I’ll Tumblr 4 ya!

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Due to a steady degradation in my attention span (something to do with dying brain cells, no doubt) I have decided that I will be updating my tumblr  more so than this here wordpress blog. So if you are so inclined please give this a loving click.

How to clone a Snow Leopard Install DVD

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For most people there is absolutely no need for a DIY install DVD for the “world’s most advanced system”. However paranoia does run roughshod over some people’s psyche (not forgetting people who obtained the OS through more clandestine methods) and hence this howto :

1. After upgrading /installing Snow Leopard (optional as you can also follow the same procedure within Leopard), fire up Disk Utility

2. With the original DVD still in the tray, select it from the list on the left

3. Go to File > New > Disk Image From “Mac OSX Install DVD”

4. Under “Image Format” select “DVD/CD master”. For encryption select “None”

5. Click on save and go for a jog

6. You should end up with a file ending with “.cdr” in which ever folder you saved it in. (by default “Documents”)

7. I then used Toast Titanium version 10 to burn it as a Disc Image.

8. The end product is a shiny cloned install disk. The most important thing is that it is bootable.

NB – I initially chose the option “read/write” under “Image Format” but ended up with a non-bootable DVD which is pretty much a coaster.

Kid A – revisited

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Exactly how and why Radiohead’s Kid A has come to stand as the definitive artistic statement for rock consumers born after 1975 is almost ridiculously difficult to discern. People believed (and continue to believe) in the metaphysical heft of Kid A : in its aesthetic worth, its innovation, its meaning. In 2000, Kid A felt true and inscrutable; five years later, it somehow still does: From its chilling opening organ figure to its closing silence, Kid A is enormous– a huge, sweeping testament to Radiohead’s ever-swelling worldview.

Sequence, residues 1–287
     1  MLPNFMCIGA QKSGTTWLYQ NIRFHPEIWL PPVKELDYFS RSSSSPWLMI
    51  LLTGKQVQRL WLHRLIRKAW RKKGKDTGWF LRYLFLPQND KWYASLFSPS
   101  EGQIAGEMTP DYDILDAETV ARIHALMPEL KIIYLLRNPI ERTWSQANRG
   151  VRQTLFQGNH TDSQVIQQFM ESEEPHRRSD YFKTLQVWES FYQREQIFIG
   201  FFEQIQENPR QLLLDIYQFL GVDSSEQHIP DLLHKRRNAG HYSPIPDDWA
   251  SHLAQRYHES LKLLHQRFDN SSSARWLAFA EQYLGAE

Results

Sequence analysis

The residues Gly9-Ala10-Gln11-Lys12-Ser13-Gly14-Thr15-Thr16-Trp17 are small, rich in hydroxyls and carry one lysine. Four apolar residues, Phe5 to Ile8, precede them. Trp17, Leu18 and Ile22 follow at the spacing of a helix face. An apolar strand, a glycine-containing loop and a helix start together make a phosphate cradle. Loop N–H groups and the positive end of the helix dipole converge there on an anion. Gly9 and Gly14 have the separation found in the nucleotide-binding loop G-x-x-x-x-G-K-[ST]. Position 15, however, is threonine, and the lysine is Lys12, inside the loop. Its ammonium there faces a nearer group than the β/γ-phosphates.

Kid A was an obvious departure from its predecessor, the guitar-swollen OK Computer , and it alternately challenged and confounded Radiohead’s core audience. Regardless, the record’s supposed difficulty also lent it a certain sense of gravity: Kid A is confrontational and insistent, mysteriously capable of convincing some of the most stridently anti-electro guitarheads that inorganic flourishes can feel bloody and real. Consequently, in the months following its release, Kid A transformed into an intellectual symbol of sorts, a surprisingly ubiquitous signifier of self. Owning it became “getting it”; getting it became “annointing it.” The record’s significance as a litmus test was stupid and instant and undeniable: In certain circles, you were only as credible as your relationship to this album. And that kind of intense, unilateral, with-us-or-against-us fandom felt oddly, uncomfortably apropos in the face of all that sound.

It is in this weird sense that Kid A was (and continues to be) the perfect record for its time: Ominous, surreal, and impossibly millennial, its revolutionary tangle of yelpy, apocalyptic vocals, glitchy synths, and beautiful drones is uncertain about both its past and present– and, accordingly, timeless. –Amanda Petrusich

I love this review by Amanda Petrusich on Pitchfork for one album that held a lot of bad memories for me. It inevitably became the soundtrack to a very bad personal patch.

A hundred thousand

Some time between noon and the end of the working day, this blog registered its 100, 000th hit. In the grand scheme of things, this is probably a piss in the ocean. Fittingly so, I feel absolutely nothing at all.